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Ties with the Traditional Values Movement

A more narrowly focused group of Black conservatives comes out of the right-wing traditional values movement within the Black community. This group merits special attention. Notwithstanding the occasional secular group, it is primarily made up of Black Christian fundamentalist groups, and its followers differ significantly from Black conservative intellectuals and bureaucrats. Unlike the former, the traditional values people are part of a movement and, as such, engage in constituency-building activities. Whereas conservative Black intellectuals and political officials uniformly scoff at Afrocentrism, some of the Black fundamentalist groups adhere to strongly Afrocentric orientations. Indeed, the combination of hard-core Christian fundamentalism with Afrocentrism contains the potential for schisms within Black Christian fundamentalism and certainly with the notoriously racist elements of the white Christian fundamentalist movement as a whole.

The larger, predominantly white traditional values movement is well placed to receive more attention as the right gears up to fight the Clinton Administration's policies on abortion, AIDS, and sex education in schools. Indeed, as the right-wing Christian fundamentalist and traditional values movements continue to organize to overtake the Republican Party at the local level, and as their influence on US politics spreads, those Black Americans affiliated with the positions of the traditional values movement are positioned to garner as much attention in the 1990s as the Black conservative intellectuals did in the 1980s. This is particularly true given that the African American community, while traditionally liberal on political issues, is also traditionally conservative on social issues, such as abortion rights and homosexual rights.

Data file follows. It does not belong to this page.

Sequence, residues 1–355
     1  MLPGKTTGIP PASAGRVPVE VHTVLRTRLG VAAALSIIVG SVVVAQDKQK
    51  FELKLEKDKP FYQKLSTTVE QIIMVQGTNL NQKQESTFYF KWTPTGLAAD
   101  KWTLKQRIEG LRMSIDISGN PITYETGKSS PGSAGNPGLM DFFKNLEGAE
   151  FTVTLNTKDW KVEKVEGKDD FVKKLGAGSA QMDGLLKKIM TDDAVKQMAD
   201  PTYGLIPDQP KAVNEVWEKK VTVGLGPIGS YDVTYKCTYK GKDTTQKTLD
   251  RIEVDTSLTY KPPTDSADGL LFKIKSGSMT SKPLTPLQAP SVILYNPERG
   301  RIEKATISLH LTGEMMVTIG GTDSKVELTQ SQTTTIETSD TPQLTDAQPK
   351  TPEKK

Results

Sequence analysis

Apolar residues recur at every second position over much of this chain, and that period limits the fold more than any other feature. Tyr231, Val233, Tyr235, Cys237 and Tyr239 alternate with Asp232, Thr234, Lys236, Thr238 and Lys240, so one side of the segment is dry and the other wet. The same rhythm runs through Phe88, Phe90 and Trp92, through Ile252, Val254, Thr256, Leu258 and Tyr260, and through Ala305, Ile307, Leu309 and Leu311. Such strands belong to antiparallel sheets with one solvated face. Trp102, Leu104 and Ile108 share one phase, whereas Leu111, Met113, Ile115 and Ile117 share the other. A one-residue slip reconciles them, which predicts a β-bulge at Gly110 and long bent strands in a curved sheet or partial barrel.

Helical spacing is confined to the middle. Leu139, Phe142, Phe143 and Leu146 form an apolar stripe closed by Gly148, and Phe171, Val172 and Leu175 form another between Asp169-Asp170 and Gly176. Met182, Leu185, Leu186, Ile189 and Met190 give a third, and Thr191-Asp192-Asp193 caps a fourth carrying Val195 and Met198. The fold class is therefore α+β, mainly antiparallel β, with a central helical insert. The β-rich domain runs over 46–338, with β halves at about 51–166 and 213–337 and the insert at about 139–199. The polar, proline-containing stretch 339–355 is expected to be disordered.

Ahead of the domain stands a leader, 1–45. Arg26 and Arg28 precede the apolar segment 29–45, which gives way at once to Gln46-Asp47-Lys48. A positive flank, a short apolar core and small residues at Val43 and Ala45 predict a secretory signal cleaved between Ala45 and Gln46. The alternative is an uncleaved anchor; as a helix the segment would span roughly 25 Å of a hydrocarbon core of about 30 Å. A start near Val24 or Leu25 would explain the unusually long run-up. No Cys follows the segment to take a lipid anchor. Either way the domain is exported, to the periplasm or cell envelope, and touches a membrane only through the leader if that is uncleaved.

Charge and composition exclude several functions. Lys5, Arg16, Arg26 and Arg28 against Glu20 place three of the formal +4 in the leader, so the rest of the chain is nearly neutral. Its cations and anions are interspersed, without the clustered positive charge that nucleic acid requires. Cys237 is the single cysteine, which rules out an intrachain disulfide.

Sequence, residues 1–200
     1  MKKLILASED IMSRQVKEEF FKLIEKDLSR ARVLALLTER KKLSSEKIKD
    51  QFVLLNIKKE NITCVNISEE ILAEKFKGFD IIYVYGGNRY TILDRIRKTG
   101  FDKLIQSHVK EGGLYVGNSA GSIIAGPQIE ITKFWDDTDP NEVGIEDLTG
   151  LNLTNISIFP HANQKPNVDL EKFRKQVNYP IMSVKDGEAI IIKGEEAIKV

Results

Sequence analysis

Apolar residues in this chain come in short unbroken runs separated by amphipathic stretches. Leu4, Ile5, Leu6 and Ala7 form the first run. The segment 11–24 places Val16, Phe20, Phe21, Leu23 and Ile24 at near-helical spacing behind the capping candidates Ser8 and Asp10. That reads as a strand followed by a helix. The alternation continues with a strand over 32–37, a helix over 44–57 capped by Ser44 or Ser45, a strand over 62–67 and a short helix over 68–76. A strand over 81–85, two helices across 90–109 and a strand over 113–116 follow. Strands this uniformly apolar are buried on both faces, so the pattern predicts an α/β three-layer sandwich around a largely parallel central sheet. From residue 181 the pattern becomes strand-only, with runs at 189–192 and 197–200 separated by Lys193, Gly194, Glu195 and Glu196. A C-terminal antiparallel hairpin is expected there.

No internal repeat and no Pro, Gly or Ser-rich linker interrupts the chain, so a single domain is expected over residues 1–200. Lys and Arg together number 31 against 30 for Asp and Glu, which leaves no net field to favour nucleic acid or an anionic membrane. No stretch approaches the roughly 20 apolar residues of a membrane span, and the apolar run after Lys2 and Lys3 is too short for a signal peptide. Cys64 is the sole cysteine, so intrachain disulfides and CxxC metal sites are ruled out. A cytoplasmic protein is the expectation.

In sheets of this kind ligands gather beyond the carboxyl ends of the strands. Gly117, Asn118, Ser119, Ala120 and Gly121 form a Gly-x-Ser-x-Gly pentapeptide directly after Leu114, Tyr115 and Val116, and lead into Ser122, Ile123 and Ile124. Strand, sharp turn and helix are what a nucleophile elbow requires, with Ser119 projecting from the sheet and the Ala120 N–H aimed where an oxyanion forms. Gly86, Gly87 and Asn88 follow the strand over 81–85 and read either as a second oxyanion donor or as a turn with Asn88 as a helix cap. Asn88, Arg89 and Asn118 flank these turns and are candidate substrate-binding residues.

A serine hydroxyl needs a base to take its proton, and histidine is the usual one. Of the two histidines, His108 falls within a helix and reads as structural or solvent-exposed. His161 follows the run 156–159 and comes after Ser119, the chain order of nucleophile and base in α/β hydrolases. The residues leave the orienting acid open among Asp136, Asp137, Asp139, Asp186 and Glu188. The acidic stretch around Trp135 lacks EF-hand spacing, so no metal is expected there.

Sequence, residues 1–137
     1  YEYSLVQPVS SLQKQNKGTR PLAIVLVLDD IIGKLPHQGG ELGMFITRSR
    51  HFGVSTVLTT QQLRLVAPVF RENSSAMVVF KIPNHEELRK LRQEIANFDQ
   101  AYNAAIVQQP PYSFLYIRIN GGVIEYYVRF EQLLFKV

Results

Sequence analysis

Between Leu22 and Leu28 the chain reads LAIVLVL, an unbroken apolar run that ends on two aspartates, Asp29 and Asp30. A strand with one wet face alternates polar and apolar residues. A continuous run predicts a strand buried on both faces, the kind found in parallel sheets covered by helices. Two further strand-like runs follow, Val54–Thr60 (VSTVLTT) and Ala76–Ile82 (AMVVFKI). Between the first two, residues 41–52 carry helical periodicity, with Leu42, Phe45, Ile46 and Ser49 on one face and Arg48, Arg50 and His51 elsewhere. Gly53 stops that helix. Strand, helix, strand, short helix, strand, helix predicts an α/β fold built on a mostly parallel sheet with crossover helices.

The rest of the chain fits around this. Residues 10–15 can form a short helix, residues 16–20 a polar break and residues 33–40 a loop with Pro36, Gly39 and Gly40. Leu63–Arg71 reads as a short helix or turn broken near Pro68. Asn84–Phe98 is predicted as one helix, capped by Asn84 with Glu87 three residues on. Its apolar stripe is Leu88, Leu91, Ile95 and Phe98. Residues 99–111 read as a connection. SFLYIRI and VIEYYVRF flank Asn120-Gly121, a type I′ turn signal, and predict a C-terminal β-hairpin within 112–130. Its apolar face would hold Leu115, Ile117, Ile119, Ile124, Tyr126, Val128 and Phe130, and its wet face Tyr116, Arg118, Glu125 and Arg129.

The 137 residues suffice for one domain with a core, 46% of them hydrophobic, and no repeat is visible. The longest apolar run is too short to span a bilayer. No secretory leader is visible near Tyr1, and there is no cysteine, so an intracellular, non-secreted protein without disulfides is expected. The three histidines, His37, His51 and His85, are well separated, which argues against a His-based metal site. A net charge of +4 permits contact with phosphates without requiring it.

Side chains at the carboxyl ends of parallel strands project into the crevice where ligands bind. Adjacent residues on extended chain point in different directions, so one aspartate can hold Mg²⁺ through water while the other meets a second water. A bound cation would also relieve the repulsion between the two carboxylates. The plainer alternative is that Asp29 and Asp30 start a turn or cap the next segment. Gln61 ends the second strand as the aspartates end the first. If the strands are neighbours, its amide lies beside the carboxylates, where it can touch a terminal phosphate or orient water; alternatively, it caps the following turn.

Dr. Mildred Jefferson, a physician who was the first Black woman to graduate from Harvard Medical School, has long been a star in the traditional values movement. Dr. Jefferson was a founder and former chairman of the National Right to Life Committee, and served three terms as the organization's president. She is currently chair of the National Right to Life Crusade. Jefferson is joined by several other lesser lights who are asserting themselves as movement spokespeople: Los Angeles school teacher Ezola Foster, Rev. Cleveland Sparrow in Washington, DC, Greg Keath in Michigan, and Rev. Edward V. Hill in Los Angeles.

Keath is the leader of two groups, Rescue Black America (RBA) and the Alliance for Family, both staunch opponents of abortion. Rescue Black America uses tactics similar to those used by anti-abortion groups such as Operation Rescue. Like Keath, Washington, DC minister Cleveland Sparrow is also adamantly opposed to abortion, but his organization, the National Coalition for Black Traditional Values (NCBTV), increasingly is targeting homosexual civil rights issues and AIDS anti-discrimination laws. Sparrow was formerly head of the Moral Majority chapter in the District of Columbia, and is gathering increasing political clout in the white conservative establishment. Sparrow aligned himself with Senator Jesse Helms (R-NC) and Representative William Dannemeyer (R-CA) in an effort to overturn a Washington, DC, City Council ordinance that bars insurance companies from refusing coverage to people who test positive for the HIV virus.

Ezola Foster's Los Angeles-based Black Americans for Family Values (BAFV) also opposes homosexual rights and AIDS anti-discrimination laws, as well as a woman's right to abortion, AIDS education, and sex education in schools. Arguing in 1988 that the issue was whether Republicans want to send voters the message that "it is the party of the family. . .[or] the party of perverts," Foster has repeatedly supported efforts by Representative William Dannemeyer and other right-wing Republicans to get the California GOP to ban gay Republican clubs from the party.

Edward V. Hill is pastor of the 2,000-member Mount Zion Missionary Baptist Church in the Watts section of Los Angeles. He is a close friend of Jerry Falwell and was a member of Falwell's now-defunct Moral Majority. Hill once dismissed protesters picketing his church during a Falwell visit, saying the protesters were "Muslims, homosexuals, and abortionists."

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